|Name:||John Francis Conlon III|
|Rank/Branch:||Major/US Air Force|
Cam Ranh Bay Airbase,
|Date of Birth:||18 February 1941|
|Home of Record:||Wilkes Barre, PA|
|Date of Loss:||04 March 1966|
|Country of Loss:||South Vietnam|
Click coordinates to view maps
|Stayus in 1973:||Missing in Action|
|Aircraft/Vehicle/Ground:||O1E "Bird Dog"|
|Other Personnel In Incident:||Stuart M. Andrews (missing)|
SYNOPSIS: The Cessna O1E "Bird Dog" was used extensively in the early years of the Vietnam war as a Forward Air Controller (FAC) because it could provide low, close visual reconnaissance and target marking which enabled armed aircraft or ground troops to close in on the enemy. The communists feared the O1E because they knew that opening fire on it would expose their location and invite attack by fighters controlled by the slowly circling Bird Dog. The enemy became bold, however, when they felt their position was compromised and attacked the little aircraft with a vengeance in order to lessen the accuracy of an impending strike.
On 4 March 1966, then Major Stuart M. Andrews, pilot, and 1st Lt. John F. Conlon III, observer-in-training, comprised the crew of an O1E aircraft that departed Qui Nhon Airfield at 1520 hours. 1st Lt. Conlon was a fighter pilot on temporary duty to Major Andrews' unit to learn the method of operation and procedures of becoming a Forward Air Controller.
At 1540 hours they made radio contact with the Special Forces Camp in the area and were directed to investigate campfires that had been reported in the vicinity of the camp. During that last radio transmission, there was no indication of enemy activity observed or problems with the aircraft. The Bird Dog was operating over heavily forested mountains approximately 1 mile west of Van Canh, 11 miles northwest of Binh Thanh, 17 miles west of the coastline, and 17 miles southwest of Qui Nhon Airfield. There was a single-track railroad line and a primary road running side by side that were paralleled by a river, and all three running generally in a north-south direction, located approximately 2 miles east of the Bird Dog’s last known position.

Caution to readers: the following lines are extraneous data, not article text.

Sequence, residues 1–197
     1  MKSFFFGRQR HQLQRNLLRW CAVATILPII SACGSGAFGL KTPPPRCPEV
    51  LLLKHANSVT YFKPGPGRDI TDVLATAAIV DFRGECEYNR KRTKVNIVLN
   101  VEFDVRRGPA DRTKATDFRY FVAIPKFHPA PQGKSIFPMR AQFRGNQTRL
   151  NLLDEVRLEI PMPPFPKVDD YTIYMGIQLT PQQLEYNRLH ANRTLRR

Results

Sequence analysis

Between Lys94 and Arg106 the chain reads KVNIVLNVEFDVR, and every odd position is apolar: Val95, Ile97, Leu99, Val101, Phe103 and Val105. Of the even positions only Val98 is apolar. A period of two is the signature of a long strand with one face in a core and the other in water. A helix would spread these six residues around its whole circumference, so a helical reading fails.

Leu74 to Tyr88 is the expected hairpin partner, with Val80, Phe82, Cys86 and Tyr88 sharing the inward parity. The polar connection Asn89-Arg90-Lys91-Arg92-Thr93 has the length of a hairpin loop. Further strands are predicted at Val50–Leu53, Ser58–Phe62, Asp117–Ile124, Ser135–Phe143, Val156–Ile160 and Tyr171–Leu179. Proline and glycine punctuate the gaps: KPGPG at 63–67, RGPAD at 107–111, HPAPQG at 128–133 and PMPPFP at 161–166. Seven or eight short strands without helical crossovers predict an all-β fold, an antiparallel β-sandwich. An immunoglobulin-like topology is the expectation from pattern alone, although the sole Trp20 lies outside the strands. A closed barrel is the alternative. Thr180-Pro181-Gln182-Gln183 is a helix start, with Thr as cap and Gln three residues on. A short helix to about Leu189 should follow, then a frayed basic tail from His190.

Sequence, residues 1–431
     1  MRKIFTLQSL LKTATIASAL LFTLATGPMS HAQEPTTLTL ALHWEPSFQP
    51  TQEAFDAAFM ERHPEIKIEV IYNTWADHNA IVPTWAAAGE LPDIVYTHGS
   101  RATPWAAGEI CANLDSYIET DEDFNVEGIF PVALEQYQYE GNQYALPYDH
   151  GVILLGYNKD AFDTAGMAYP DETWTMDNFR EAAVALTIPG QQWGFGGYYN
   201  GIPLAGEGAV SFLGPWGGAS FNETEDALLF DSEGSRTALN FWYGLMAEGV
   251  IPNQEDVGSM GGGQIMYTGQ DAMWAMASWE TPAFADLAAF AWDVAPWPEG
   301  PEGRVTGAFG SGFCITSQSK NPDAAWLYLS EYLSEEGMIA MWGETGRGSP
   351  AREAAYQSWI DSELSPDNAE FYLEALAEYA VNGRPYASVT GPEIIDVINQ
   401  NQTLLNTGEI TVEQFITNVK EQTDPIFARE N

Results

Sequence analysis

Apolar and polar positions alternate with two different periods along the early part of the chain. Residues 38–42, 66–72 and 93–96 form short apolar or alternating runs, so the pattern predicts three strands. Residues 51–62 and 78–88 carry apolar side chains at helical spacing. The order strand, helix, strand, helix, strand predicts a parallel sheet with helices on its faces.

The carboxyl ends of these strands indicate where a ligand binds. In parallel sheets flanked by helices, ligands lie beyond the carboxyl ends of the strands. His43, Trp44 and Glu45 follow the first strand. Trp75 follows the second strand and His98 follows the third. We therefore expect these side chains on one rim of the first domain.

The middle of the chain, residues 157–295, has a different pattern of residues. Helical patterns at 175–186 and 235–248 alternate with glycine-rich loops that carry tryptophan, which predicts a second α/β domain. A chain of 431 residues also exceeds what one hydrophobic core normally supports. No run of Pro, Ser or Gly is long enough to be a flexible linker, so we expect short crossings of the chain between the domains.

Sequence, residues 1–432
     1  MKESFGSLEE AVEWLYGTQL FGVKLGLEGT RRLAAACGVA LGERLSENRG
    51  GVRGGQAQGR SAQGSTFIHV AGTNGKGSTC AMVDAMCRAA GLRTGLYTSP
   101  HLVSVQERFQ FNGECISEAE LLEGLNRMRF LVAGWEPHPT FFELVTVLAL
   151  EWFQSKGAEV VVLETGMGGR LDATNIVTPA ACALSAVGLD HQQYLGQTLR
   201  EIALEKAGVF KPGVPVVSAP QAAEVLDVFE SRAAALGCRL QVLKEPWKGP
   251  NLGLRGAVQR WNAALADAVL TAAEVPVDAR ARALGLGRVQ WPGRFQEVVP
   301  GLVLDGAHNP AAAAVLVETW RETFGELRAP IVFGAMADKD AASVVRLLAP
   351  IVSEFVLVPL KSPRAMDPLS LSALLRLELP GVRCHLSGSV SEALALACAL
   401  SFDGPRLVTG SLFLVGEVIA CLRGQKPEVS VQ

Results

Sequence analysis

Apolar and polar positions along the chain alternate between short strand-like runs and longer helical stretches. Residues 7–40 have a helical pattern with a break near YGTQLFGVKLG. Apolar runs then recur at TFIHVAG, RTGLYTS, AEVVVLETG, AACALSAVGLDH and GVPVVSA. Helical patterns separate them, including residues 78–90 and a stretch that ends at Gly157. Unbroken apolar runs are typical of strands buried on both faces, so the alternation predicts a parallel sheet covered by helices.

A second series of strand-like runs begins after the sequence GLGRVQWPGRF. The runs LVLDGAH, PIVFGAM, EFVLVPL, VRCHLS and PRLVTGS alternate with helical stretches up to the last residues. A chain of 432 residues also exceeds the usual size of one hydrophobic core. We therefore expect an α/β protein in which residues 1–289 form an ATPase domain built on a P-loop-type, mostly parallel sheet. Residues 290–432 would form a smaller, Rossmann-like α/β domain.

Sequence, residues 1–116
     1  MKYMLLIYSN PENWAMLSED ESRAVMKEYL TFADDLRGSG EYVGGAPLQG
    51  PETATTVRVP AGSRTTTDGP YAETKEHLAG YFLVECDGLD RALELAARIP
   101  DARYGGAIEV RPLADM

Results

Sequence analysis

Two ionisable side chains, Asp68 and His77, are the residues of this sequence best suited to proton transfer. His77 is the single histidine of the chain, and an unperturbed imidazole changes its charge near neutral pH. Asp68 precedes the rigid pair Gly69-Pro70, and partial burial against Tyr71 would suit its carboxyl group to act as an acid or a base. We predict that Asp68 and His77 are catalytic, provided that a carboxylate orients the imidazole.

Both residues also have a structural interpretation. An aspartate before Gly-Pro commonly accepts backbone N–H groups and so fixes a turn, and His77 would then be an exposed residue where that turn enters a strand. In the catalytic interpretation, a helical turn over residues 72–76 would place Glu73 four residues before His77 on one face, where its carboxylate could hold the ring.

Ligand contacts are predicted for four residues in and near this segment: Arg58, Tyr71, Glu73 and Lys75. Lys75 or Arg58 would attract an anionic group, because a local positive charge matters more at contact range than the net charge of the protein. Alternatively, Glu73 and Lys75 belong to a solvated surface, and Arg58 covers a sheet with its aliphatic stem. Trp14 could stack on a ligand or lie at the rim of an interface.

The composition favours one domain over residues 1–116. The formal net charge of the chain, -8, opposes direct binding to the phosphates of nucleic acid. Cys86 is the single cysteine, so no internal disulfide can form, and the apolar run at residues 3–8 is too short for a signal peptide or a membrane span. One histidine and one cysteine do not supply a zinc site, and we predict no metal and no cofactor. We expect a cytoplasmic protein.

When the Bird Dog failed to return to base, a ramp check of other airstrips in the region were queried to see if they had been forced to divert to one of them. Shortly thereafter search and rescue (SAR) efforts were initiated. During the search, no trace of either the downed aircraft or its crew could be located in the dense jungle-covered mountains in which they vanished. At the time the formal search was terminated Stuart Andrews and John Conlon were immediately listed Missing in Action.
If Stuart Andrews and John Conlon died in the loss of their aircraft, each man has a right to have his remains returned to his family, friends and country. However, if they survived the loss, they could well have been captured by communist forces known to be operating in that region; and their fate, like that of other Americans who remain unaccounted for in Southeast Asia, could be quite different.
Since the end of the Vietnam War well over 21,000 reports of American prisoners, missing and otherwise unaccounted for have been received by our government. Many of these reports document LIVE American Prisoners of War remaining captive throughout Southeast Asia TODAY.
American military men in Vietnam were called upon to fly and fight in many dangerous circumstances, and they were prepared to be wounded, killed or captured. It probably never occurred to them that they could be abandoned by the country they so proudly served.